Had there been any lingering doubt, Paris’s 9/1 carnage has obliterated it, because the bloodletting was all too predictable, regardless of any counter-terrorism failings.

And, in stark contrast to the appeasers who rule us, people – not merely headbanging xenophobes – were already displaying greater awareness of the unpalatable reality confronting them.

Those in the Western street long knew our civilisation is locked in a guerrilla war on our own turf, waged by an enemy within, who cloak themselves in a ruthless interpretation of an eastern faith imported by waves of immigrants, seeking opportunity in better, fairer, freer societies.

In Germany, Chancellor Angela Merkel has serially failed to slap down the army of 20,000 demonstrators, who meet each week in Dresden – and growing bands of likeminded activists elsewhere in her country – demanding tighter immigration controls.

And Australian Premier Tony Abbott was rightly rapped for downplaying the attack on a Sydney café by a self-style sheikh that left two diners dead.

Even though it was evident the killer, Man Haron Monis – an Iranian, who forced hostages to hold up to the window a black flag, emblazoned with a jihadi slogan – was driven by religious fervour, Abbott insisted, ‘This event was an act of politically-motivated violence.’

Politically motivated? Maybe he also believes the Irish ultra-nationalists of the IRA and the Basque separatists of ETA were inspired by radical Catholicism to commit mayhem. Somehow I think not.

At least in Canada there is no mood for whitewashing Islamic extremism.

SATIRE SURVIVES: David Pope's cartoon in the Canberra Times puts the hideous acts of Paris 9/1 into true perspective

SATIRE SURVIVES: David Pope’s cartoon in the Canberra Times puts the hideous acts of Paris 9/1 into true perspective

After incidents involving Muslim converts killing two soldiers, Canada’s leader, Stephen Harper, didn’t mince words: ‘I have been saying we live in dangerous world and terrorism has been with us for a long time,’ he said.

So what can be done to stem the rising tide of ultra-Islamic ferocity?

For a start we can stop bellyaching that our security establishment scanning emails is a snoopers’ charter, because this is a key bulwark against those out to destroy our society.

And, as the head of Britain’s MI5 pleaded last week, invest more resources in vigilance to minimise opportunities for the merchants of death to claim further victims.

Governments also need to force internet platforms, like Twitter and Facebook, to take down suspect sites. If they don’t, hit them with astronomical fines.

The international community, meanwhile, must enforce its money-laundering pacts with real vigour, choking off cash – mainly from Middle Eastern sympathisers – that’s the lifeblood of jihadism.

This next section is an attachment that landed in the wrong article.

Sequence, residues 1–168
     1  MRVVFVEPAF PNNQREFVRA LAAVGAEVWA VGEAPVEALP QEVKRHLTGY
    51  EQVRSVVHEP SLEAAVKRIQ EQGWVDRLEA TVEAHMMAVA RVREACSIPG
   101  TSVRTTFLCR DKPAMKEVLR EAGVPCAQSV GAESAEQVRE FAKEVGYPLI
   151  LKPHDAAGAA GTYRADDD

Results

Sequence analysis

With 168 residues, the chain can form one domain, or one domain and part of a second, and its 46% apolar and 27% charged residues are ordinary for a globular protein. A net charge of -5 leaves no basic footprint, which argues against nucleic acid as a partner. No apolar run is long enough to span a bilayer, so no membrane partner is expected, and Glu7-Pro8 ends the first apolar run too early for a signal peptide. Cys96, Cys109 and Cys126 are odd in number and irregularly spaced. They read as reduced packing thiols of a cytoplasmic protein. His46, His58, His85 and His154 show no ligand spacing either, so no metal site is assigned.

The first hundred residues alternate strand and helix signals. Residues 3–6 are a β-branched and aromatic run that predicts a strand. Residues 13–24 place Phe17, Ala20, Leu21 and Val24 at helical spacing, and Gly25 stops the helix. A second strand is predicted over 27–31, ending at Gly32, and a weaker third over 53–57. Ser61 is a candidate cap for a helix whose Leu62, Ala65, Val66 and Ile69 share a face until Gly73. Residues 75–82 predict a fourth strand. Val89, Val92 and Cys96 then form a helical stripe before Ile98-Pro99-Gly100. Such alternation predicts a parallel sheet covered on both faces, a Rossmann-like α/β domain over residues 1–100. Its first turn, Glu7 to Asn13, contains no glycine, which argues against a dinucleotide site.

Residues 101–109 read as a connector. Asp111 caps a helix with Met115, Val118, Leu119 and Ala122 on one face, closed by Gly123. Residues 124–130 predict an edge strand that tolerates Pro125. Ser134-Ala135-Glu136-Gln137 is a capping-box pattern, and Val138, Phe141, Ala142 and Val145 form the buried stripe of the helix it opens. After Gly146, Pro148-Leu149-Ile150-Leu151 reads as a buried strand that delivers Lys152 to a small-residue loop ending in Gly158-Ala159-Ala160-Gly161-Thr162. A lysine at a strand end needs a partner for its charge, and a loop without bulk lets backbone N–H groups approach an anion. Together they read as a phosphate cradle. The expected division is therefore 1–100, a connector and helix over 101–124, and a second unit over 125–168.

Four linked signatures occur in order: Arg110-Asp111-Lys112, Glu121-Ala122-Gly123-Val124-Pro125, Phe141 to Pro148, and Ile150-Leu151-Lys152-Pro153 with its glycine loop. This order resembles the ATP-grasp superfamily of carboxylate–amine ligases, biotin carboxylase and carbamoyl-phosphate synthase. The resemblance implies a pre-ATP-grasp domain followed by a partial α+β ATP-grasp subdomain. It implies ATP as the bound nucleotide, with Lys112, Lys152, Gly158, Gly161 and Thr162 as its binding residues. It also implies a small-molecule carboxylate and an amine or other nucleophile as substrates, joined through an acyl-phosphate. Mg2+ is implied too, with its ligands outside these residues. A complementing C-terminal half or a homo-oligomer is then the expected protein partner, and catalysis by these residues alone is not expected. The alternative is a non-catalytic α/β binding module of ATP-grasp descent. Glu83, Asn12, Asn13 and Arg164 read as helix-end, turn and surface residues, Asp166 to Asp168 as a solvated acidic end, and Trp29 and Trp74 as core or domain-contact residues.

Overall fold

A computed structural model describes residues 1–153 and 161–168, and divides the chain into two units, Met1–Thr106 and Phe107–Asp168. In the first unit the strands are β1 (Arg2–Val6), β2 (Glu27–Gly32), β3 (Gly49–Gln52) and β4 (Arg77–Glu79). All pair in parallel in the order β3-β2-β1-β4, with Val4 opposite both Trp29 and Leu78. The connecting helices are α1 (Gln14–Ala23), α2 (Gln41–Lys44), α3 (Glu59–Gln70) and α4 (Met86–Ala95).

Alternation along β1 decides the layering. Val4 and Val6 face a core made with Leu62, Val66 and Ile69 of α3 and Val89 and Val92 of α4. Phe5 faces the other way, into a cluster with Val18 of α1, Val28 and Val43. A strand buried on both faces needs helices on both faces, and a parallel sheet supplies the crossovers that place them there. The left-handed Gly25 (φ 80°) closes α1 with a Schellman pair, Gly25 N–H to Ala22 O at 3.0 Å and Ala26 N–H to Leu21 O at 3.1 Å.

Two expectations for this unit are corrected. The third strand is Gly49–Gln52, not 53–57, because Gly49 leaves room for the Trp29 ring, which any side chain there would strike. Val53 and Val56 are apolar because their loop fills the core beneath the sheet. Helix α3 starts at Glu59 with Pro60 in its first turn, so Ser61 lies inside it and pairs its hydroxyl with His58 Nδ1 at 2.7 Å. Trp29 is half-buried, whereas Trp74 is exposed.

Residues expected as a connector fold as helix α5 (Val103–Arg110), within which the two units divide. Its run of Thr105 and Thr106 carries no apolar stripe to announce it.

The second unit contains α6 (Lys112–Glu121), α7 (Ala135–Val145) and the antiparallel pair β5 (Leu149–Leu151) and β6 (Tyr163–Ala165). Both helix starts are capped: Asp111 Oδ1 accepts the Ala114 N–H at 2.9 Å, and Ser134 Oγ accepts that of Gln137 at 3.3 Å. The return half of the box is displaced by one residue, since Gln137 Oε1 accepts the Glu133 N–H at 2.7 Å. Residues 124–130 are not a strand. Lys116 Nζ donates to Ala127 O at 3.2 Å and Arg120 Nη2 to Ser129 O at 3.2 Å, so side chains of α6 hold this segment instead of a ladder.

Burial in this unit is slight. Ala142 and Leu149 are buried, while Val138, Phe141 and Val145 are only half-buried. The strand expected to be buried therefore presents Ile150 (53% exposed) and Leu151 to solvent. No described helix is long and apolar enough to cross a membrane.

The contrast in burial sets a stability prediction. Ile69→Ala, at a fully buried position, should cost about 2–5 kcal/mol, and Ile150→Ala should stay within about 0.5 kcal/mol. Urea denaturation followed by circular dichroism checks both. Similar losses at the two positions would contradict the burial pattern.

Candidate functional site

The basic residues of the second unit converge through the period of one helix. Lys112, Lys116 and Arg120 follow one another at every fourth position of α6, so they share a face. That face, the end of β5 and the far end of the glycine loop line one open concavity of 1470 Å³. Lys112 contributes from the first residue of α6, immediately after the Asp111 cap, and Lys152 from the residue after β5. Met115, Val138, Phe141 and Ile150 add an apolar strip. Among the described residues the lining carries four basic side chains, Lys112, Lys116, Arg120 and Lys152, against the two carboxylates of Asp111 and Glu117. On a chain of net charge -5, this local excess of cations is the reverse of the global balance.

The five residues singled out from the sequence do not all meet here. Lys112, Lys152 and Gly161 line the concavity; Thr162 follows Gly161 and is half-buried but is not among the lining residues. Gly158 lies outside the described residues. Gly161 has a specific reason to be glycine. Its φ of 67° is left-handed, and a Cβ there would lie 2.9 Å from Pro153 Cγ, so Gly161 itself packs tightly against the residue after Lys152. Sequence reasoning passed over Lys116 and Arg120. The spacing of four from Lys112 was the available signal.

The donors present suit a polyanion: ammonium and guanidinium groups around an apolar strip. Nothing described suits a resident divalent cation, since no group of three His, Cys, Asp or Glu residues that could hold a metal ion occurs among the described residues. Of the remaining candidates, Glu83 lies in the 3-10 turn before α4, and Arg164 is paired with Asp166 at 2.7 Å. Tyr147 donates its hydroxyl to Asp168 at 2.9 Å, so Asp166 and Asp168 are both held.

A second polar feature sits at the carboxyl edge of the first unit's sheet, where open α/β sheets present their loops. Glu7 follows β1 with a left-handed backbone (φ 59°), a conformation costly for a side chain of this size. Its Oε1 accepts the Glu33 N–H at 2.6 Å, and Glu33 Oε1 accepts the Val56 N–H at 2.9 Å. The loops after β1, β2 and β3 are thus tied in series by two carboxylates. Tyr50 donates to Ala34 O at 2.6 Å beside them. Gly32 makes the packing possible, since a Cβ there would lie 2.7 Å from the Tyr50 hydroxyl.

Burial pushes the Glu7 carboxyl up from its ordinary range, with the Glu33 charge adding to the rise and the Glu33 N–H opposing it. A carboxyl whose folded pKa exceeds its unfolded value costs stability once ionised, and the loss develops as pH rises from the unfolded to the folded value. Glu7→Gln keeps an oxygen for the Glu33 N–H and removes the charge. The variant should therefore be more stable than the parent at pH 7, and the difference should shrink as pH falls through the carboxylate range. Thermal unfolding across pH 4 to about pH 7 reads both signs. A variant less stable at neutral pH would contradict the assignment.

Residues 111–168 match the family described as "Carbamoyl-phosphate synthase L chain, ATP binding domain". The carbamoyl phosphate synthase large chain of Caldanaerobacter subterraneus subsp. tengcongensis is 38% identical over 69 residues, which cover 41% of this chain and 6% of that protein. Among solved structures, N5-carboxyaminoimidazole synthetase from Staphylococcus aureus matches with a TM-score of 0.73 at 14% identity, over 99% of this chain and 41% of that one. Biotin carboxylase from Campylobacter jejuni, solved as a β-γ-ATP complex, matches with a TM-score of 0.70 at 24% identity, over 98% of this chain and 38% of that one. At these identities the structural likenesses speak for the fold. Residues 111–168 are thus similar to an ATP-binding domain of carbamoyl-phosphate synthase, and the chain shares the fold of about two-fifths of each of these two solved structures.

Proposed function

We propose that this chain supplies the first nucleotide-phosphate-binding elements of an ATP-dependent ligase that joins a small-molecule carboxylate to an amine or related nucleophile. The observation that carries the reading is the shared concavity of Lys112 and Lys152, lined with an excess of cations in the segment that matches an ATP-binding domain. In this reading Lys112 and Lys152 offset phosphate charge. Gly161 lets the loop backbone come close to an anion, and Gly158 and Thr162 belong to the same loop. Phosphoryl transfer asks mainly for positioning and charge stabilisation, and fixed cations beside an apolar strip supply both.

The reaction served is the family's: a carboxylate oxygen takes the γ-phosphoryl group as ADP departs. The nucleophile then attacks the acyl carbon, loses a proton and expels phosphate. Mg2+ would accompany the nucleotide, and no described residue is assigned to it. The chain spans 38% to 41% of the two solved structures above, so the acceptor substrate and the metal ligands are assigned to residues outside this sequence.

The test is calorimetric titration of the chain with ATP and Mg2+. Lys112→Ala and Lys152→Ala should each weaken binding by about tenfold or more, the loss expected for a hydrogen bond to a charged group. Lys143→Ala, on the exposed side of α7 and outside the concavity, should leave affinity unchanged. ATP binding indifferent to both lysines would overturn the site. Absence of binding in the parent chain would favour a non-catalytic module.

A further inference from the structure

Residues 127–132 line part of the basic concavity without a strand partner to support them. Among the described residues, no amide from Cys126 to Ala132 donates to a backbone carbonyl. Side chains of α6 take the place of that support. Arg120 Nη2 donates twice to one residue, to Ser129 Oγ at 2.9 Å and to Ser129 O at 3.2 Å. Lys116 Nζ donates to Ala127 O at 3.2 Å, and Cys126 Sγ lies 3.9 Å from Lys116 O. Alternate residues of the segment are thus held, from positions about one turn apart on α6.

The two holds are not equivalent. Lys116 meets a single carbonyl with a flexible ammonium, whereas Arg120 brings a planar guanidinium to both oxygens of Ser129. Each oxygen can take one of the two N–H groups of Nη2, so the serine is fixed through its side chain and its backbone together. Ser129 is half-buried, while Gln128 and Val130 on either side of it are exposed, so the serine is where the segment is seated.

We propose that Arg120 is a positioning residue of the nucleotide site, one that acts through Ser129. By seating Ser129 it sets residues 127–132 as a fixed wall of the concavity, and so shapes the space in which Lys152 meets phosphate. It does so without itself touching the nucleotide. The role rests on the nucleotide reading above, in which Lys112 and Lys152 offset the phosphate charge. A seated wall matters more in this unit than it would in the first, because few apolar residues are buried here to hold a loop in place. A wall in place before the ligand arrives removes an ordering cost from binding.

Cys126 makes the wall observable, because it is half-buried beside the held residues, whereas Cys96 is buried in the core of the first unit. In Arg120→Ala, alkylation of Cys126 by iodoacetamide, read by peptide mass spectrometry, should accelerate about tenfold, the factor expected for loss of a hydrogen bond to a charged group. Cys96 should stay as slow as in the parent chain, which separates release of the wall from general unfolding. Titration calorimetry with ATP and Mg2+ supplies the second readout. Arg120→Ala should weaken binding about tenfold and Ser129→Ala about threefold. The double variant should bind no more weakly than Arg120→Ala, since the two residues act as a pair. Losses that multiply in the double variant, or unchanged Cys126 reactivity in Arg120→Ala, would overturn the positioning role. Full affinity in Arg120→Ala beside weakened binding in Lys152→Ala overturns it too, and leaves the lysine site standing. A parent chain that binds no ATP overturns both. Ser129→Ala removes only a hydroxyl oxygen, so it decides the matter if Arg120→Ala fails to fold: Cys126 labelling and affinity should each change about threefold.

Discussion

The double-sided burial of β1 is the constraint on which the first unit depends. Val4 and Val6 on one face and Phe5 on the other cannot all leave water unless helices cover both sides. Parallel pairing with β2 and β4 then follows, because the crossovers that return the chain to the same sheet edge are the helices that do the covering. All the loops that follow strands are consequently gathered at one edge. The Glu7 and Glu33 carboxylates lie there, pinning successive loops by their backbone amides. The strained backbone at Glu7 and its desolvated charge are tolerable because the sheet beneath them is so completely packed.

A further measure is more scrupulous border checks and denying the right of return to those who join the jihad cause abroad, rendering them stateless.

Finally, to aid pan-community solidarity, those who represent mainstream Muslims – often so quick to rage – should take it upon themselves to organise ‘Not in our name’ marches.

That gesture might, just might, isolate the fanatics and stop them providing ammunition to far-Right parties expanding across Europe, whose racist venom is only likely to make a grave situation even worse.

Plebs 2, Toffs 0 – rare victories for the ruled against our snotty rulers

THERE’S a hoary adage in this weird, old words business, ‘When in doubt, leave out.’

The advice is – invariably sound, in my humble experience – that if something wasn’t provable beyond a reasonable doubt, you dropped it like a hot brick, unless you had a fetish for appearing before bewigged m’lords in libel courts.

Andrew Mitchell, the UK Coalition government’s former Chief Whip, is a prime example of the ‘doubt dictum’ ignored and it’s cost him – so far – £3-million for the privilege of abusing his privilege.

Brimming with hubris, he committed legal hara-kiri by suing The Sun newspaper for libel, after it leaked details of the words – and particularly the slur, ‘f***ing pleb’ – Mitchell used in a ruckus with police, when the plods refused to open the gates of Downing Street so he could wheel his push-bike through them.

In court proceedings of what became dubbed the Plebgate Scandal the scales were tipped by the contemporaneous notes of the reporting officer, a PC Rowland, whom the judge, Mr. Justice Mitting, believed on the basis the copper was…er…too thick to have made it up.

In his summing up of the case, the judge said the officer was ‘not the sort of man who would have had the wit, imagination or inclination to invent, on the spur of the moment, an account of what a senior politician had said to him in temper.’

ON YER BIKE! Ex-Chief Whip, Andrew Mitchell, loses a £3M libel case...because cops wouldn't open a gate for his pushbike

ON YER BIKE! Ex-Chief Whip, Andrew Mitchell, loses a £3M libel case…because he lost his rag, after cops wouldn’t open the Downing Streets gate for his pushbike

While this speaks volumes about the intellect of a section of London’s Metropolitan constabulary, it also illuminates how utterly insulated from reality and real people – if, indeed, coppers qualify as such – those who believe they were born to rule truly are.

Mitchell, rich enough to take the huge libel fees hit, remains unrepentant and unabashed, continuing to think he is a ruler, not a ruled.